When “Penny Dreadful” premiered last year, it felt like a show building to something grand. Fun, scary and unafraid to introduce unexpected relationships, John Logan’s first foray into television was art-house horror with a camp attitude. Eva Green rose above it all as an extraordinary presence — and prime target of a demon who’d kidnapped her best friend as bait — but the rest of the cast carried the weight of the horror series quite well in support. Season 2 looks to be mix of something similar, but now that we’ve already gotten to know these characters, the focus on the villain has increased dramatically.
We’ve known for some time now who the antihero would be: Madam Kali, more commonly known as Evelyn Poole (played by Helen McCrory), was confirmed as the “big bad” at last summer’s Comic Con via a deleted scene from the series finale that hinted at her dark nature. In Season 1, she was a comparatively light presence, appearing most significantly as the host of Episode 2’s seance. At the time, she seemed like a vastly inferior power to Green’s Vanessa Ives, and that very well may still be the case. Now, though, she’s recruited a following of witches hell bent on carrying out her nefarious wishes, and Vanessa is the prime target.
Last year’s call to action was the kidnapping of Sir Malcolm’s (Timothy Dalton) daughter. Part of the mystery laid in the not knowing of who or what was doing the kidnapping, as Logan’s series strived to bridge the gap between realistic fright fest (where monsters hide in the shadows) and indulger of literary fantasy (where the monsters come out to play). That mystery became less intriguing and more enigmatic as the season progressed, resulting in a showdown both wrought with melodrama (Malcolm was forced to kill his own daughter) and slightly unsatisfying. The thrill of good conquering evil was muted as the evil itself wasn’t properly embodied — a slew of vampires could not make up for the fact we didn’t know who to root against or how it was to be defeated — even if we got to know the good guys (and gals) all too well.
Taking advantage of the positives and correcting the negatives seems to be the mission early in “Penny Dreadful,” as the first two episodes rely on our preconceived attachment to our heroes while devoting plenty of time to Evelyn and her not-so-merry gang of witches. I’m sad to report nothing as gripping as “Seance” occurs in the first few hours, but there are plenty of pleasures. First and foremost is the still sterling production design, makeup and virtually every technical aspect of the flawlessly presented “Penny Dreadful.” After taking home the most Craft Awards at the British Television Academy honors recently, the team isn’t resting on their laurels. Lighting, set design and costumes all stand out in the early episodes, holding you captive even in the slower narrative moments.
Much like Season 1, your opinion on the non-action scenes may define your interest in the show. Logan’s dialogue is rich, artful and arresting if you’ve got the ear to hear it, but many horror fans may be turned off by the lack of frights. Jolts do come your way — a carriage and subway ride go awry and menace hides in every dark corner — but most of “Penny Dreadful” is more mentally unnerving than truly terrifying. There’s a scene to end Episode 2 that, if described, would sound particularly gruesome. It is, but it’s also so tastefully done it feels right at home with the period fare around it — rather than as the “holy shit” moment modern horror would turn it into.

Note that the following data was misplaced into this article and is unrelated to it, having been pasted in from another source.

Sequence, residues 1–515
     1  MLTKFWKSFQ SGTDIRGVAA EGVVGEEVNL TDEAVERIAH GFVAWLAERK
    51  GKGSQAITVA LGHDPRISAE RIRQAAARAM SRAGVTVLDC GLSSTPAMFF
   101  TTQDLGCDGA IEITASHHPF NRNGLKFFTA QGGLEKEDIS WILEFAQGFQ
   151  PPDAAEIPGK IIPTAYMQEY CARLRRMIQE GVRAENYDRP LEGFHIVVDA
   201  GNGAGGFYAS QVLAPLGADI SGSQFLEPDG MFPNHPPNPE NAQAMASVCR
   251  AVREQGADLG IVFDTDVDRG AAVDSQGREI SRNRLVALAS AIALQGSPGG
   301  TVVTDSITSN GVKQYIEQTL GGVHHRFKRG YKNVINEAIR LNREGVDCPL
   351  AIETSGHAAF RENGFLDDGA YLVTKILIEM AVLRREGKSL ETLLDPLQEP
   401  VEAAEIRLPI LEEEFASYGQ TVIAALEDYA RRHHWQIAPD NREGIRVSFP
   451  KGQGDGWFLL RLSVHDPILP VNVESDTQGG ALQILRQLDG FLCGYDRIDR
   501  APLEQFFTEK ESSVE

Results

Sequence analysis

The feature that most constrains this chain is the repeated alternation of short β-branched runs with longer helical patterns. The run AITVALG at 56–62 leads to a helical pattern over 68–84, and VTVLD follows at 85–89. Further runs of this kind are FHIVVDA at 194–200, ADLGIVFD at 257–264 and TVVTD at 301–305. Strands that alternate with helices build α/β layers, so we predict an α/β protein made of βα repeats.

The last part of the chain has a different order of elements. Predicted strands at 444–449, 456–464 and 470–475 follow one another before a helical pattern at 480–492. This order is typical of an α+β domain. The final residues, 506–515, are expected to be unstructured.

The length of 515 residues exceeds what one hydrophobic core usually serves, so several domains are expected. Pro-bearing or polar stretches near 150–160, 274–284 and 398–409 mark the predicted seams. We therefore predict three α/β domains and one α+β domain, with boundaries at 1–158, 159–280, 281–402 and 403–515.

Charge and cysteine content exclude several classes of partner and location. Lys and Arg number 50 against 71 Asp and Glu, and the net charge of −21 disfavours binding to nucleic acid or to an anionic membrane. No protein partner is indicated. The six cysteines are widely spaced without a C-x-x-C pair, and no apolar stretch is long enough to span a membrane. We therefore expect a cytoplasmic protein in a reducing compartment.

At its heart, “Penny Dreadful” strives to be the most beautifully captured camp on television. Mixing landmark literary characters together as tortured and repressed (sexually and otherwise) souls could make for gonzo television. Instead, it’s grounded in a very unique fashion. There’s so much to admire about Logan’s creation — thematically, formally and creatively — it’s hard to label is as mere camp. It’s high camp, at the very least.
Some of those accolades include an increased sexual appetite and an uncanny ability to know what audiences want. Those two concepts may seem one in the same — and are, at times — but really aren’t so similar at all. Taking the latter example first, Logan knew to devise a scene for his best two characters. Vanessa and Frankenstein’s monster Caliban (played by Season 1 breakout Rory Kinnear) share a discussion on religion that’s the best of the season so far. But despite Caliban’s desperate yearning for a romantic partner and Vanessa’s own unpredictable sexual preferences, the scene skirts the issue with grace. These two powerhouse performers can carry a scene without a sexual undercurrent, even if it’s swirling around them in every other scene.
And sex is very nearly everywhere else you look in Season 2. From the new creatures plaguing Ethan (Josh Hartnett) and Vanessa — scarred, naked, bald witches who can take traditional human form at any time — to Victor Frankenstein’s sexual attraction to his newest “monster” (Ethan’s ex-flame Brona, who was killed for this very purpose at the end of last season), eroticism is a big part of Season 2. Thankfully, Logan doesn’t make it overly exploitative. He establishes story lines reliant on sexual attraction and even features equal opportunity nudity, as a man is shown fully nude before Episode 2 ends (expect more as the season progresses).
Season 2 may not be off to the ripping good start of its premiere year, but perhaps the emphasis on building up its villain will lead to a more satisfying finale. Poole is an intriguing evil, at the very least because she makes Logan’s series into the rare female-led series not reliant on romance. It’s Evelyn vs. Vanessa, and Ethan — who has his own mysterious undertaking — has to take a backseat. Whether or not this builds to something greater, as hinted at in Season 1, “Penny Dreadful” has provided more than enough reasons to join its camp.